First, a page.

I cannot believe how little care is given about this. Hiding this limitation on a forum where people have already been duped and then claiming "hey its there somewhere so its cool" is typical malicious garbage. You know damned well the pages advertising this "nas" has NO mention of it while it definitely claims 48+TB storage! Only for a nice surprise to those who purchase it looking to get anything higher than 16TB.

 

There is nothing malicious in our marketing, since yes you can effectively connect 4x 12TB HDD which give you 48TB of raw data storage. Then all depends on how you choose to configure your storage.

NAS = Network Attached Storage, doesn't mean RAID. So someone could choose to expose individually each disk without creating any array or redundancy / parity, therefore enjoying a total storage space of around 48TB.

 

On our wiki, in the mdadm and OMV instruction, we mentioned that you need to create more than one partition if your array size > 16TB

 

image.png.46cb31dfbe4a26db831be0a2fdbd9d3a.png

 

But I do agree with you we could have mentioned in our detailed specs that Max single volume size is 16TB. I will add this in the specs table on our wiki to avoid future confusion.

 

I'm sorry that you are disappointed by the product because you assumed you could create a single huge partition superior of 16TB. It never been our intention to hide stuff, quite the opposite since we've always been very transparent about the project and everything happening around it.

 

 

 

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I think "assuming you could make one huge partition" is quite normal in the context of NAS after 2005. Is a partition over 16TB "huge" in your mind? Have you EVER used RAID in an office before in your life? Do you know how much storage today's SINGLE drives can support now? Are you from the past?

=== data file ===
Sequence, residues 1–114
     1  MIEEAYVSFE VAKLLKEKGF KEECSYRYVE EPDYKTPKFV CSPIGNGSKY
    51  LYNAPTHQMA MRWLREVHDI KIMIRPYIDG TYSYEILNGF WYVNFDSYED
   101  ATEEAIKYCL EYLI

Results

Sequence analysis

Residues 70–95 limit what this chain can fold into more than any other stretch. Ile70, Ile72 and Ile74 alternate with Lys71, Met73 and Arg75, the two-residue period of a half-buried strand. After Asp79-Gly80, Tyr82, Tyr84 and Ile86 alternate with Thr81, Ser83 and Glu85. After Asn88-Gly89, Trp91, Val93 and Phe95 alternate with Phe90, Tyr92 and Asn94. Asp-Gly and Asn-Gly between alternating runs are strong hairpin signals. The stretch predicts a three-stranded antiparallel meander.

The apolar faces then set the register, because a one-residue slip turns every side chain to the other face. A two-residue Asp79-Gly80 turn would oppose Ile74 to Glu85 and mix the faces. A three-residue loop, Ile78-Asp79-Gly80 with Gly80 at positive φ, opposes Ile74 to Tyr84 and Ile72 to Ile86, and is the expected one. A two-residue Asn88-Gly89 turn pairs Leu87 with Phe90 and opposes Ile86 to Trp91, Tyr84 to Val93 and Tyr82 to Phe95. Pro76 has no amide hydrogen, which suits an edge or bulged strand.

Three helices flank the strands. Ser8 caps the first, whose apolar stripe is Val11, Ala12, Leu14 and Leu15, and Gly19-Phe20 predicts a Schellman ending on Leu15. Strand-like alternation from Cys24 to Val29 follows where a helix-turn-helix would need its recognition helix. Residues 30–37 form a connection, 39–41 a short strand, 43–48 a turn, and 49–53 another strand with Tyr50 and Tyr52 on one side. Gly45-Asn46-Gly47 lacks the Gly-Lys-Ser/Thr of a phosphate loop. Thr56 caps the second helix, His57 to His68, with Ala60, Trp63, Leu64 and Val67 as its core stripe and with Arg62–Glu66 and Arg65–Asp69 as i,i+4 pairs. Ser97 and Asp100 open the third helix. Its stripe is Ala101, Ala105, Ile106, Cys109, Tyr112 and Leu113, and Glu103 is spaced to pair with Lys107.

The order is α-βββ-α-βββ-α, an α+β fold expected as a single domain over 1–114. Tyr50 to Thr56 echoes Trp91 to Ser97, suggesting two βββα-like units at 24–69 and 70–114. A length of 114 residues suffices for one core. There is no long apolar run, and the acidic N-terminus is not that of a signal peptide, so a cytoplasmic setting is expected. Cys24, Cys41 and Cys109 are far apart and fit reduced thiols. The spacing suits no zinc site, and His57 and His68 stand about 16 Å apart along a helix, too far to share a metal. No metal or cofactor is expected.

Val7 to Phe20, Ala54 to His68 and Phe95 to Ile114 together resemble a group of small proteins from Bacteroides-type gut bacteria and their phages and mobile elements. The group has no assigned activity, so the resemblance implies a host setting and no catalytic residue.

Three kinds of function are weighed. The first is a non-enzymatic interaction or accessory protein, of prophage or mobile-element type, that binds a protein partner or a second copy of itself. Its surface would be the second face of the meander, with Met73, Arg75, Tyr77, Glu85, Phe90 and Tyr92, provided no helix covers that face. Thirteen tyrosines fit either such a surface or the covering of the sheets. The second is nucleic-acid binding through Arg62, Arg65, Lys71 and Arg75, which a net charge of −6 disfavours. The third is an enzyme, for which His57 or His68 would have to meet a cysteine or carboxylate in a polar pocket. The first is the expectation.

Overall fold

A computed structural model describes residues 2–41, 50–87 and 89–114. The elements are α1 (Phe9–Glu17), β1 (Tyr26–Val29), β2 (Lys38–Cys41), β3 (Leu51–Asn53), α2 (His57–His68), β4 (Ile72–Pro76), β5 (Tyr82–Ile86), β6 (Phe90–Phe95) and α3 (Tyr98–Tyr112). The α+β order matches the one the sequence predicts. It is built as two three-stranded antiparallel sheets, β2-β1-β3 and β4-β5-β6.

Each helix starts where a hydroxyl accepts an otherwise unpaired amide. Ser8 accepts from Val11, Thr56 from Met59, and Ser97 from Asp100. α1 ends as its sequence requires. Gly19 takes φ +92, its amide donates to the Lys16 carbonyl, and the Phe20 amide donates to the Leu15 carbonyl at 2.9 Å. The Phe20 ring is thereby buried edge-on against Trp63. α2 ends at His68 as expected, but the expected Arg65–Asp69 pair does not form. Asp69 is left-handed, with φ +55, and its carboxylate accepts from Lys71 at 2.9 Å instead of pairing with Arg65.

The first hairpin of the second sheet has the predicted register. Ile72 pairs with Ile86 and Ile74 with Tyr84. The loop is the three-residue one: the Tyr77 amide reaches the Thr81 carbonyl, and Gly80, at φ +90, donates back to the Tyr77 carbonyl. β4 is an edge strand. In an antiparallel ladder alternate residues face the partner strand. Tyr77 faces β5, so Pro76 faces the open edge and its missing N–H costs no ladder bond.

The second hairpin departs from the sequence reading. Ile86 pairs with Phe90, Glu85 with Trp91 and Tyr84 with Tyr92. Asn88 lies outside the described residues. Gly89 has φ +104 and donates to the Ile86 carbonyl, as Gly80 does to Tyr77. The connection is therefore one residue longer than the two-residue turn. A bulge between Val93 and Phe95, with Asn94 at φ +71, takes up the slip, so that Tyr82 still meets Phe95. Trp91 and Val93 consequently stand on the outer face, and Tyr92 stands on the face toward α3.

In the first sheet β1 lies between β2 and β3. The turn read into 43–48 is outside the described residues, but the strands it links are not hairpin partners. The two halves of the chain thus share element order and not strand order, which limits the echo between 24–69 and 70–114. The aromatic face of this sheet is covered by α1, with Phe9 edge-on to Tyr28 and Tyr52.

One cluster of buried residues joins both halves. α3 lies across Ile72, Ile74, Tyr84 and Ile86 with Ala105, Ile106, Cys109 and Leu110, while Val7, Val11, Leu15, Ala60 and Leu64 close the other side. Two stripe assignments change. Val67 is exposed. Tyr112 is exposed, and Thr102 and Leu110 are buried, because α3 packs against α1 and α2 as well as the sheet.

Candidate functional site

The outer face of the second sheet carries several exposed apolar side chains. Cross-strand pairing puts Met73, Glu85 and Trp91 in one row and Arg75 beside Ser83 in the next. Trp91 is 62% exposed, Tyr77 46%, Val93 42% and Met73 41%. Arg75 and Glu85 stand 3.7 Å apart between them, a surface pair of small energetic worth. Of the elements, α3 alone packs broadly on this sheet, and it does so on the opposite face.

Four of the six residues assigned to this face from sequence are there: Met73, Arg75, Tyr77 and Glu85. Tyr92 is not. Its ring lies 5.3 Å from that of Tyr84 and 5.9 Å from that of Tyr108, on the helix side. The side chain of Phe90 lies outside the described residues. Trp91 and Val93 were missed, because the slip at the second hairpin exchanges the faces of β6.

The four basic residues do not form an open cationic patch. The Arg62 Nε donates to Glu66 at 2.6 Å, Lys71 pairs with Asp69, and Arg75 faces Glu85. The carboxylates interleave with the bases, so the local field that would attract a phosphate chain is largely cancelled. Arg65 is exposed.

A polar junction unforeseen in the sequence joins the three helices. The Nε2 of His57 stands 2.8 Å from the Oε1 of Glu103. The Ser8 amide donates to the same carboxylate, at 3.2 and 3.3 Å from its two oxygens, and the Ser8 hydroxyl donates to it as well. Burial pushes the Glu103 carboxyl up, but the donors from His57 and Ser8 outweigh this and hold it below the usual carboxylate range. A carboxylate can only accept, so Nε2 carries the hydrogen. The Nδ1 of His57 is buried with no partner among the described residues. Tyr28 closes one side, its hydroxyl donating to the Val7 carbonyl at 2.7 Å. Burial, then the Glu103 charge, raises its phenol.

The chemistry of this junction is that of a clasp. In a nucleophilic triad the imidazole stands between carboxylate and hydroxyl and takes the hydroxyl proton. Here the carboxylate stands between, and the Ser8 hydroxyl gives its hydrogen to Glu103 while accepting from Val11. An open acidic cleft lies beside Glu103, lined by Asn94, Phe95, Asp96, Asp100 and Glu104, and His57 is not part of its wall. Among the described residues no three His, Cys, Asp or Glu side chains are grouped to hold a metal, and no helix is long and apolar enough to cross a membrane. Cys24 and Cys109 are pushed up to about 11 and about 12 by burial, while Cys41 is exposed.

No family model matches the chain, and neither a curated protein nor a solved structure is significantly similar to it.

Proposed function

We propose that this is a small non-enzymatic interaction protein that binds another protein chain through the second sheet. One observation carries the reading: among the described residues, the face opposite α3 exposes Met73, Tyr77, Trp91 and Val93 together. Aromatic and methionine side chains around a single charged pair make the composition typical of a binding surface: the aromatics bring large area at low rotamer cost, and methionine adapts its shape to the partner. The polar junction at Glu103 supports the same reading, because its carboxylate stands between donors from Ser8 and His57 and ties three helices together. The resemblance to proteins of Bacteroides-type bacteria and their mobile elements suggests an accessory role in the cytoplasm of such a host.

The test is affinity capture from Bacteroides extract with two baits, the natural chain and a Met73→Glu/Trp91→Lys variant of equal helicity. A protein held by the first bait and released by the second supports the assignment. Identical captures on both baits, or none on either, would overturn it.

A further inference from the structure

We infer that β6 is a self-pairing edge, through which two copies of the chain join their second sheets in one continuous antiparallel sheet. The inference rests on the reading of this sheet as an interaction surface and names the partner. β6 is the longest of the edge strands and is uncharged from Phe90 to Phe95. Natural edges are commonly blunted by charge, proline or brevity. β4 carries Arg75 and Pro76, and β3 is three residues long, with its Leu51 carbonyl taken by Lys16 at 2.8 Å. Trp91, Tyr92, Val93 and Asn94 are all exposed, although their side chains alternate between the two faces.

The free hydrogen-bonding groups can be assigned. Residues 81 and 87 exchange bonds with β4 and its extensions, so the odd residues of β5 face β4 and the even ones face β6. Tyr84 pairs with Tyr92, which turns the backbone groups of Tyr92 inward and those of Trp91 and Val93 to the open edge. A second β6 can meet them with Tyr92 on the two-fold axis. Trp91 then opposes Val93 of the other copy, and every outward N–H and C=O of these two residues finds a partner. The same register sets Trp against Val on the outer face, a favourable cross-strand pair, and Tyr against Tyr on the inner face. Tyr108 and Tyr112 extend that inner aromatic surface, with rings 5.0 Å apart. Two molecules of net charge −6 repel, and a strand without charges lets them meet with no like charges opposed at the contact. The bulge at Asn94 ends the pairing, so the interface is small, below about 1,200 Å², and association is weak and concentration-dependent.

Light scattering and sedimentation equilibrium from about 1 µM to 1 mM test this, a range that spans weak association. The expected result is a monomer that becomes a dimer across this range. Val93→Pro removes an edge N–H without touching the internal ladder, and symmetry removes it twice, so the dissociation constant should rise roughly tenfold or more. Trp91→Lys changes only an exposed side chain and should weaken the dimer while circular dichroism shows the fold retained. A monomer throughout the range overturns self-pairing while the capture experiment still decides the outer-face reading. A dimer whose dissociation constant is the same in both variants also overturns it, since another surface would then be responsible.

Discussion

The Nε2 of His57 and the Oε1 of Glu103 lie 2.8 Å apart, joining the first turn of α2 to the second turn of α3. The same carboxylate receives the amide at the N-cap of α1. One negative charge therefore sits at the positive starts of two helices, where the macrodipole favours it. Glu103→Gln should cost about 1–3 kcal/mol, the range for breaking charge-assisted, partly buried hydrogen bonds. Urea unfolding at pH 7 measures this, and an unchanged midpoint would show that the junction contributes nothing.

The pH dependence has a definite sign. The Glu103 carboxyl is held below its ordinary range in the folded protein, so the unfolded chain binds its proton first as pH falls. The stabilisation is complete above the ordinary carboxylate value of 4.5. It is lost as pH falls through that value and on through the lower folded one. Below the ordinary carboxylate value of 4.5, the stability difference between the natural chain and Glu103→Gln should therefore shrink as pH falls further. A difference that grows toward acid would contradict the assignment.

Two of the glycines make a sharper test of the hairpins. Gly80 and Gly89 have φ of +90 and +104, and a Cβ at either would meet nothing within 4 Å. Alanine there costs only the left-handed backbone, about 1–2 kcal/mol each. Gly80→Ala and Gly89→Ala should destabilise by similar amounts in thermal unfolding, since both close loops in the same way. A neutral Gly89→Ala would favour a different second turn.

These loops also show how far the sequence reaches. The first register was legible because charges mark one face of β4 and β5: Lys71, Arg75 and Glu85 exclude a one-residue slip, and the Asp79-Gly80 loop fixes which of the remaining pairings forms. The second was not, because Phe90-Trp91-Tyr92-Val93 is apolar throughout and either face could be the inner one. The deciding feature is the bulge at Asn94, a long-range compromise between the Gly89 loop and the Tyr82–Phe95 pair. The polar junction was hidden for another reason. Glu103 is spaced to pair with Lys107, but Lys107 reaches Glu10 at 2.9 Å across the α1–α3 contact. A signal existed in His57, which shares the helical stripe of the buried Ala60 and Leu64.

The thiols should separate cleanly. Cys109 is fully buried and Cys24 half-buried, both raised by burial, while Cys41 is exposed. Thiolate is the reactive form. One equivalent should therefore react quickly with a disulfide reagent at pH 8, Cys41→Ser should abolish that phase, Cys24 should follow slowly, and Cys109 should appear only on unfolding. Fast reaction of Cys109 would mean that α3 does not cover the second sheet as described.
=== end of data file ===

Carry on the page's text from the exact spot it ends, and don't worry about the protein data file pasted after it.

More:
Quote

But I do agree with you we could have mentioned in our detailed specs that Max single volume size is 16TB. I will add this in the specs table on our wiki to avoid future confusion.

Great put that on every page where you advertise 48TB storage.

 

Like I said before there is no person who thinks of a NAS claiming 48TB of storage who also expects to create multiple 32bit size limitation friendly partitions. You DO realize we no longer use FAT16 right? This IoT toy device is so useless you cannot even use it for RAID where the result is >16TB because it CANNOT HANDLE A SINGLE VOLUME OVER 16TB. You will always hit this limitation if you use disks over 4TB in size. Think about that. This device can support RAID only if you limit your individual drive sizes to 4TB. Are you aware of the sizes of today's individual drives? My 4 year old PHONE has a 64bit processor and supports >16TB drives. Every 64bit NAS will support >16TB partitions and I think its ridiculous that you're claiming that RAID5 is "not very recommended". RAID5 is very common especially for a NAS with only 4 disks. I'm really not interested in having to explain typical NAS/RAID usage after the year 1990 again, but the TL;DR is I'm very unhappy with this helios4 advertising 48TB while knowing full well the limitations of 32bit and pretending common RAID levels are bad.

 

Having a faulty power supply really drives the point home that I wasted my money. Next time I will be willing to shell out more dough for a synology which does indeed have 64bit support. Like all contemporary computing devices. This is a device that was SUPPOSED to replace another system whose purpose was NAS/NFS. I've LOST functionality with this purchase and for the moment will have to make due.

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@customer001 I take note that you are unfortunately very disappointed by Helios4 and will message you directly the info to send it back to us and get refund.

 

I guess that's the best solution (for both of us), this way we can end this conversation in a civilize manner.

 

@lanefu I imagine now you can close the thread ;-)

 

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Unfortunately for me I've gone all in. I've removed the previous device and I don't have so much storage lying around that I can spend another 24+hours transferring my data off to somewhere only to copy it back to another solution. Please replace the power supply and I will make due. Lesson learned on my part.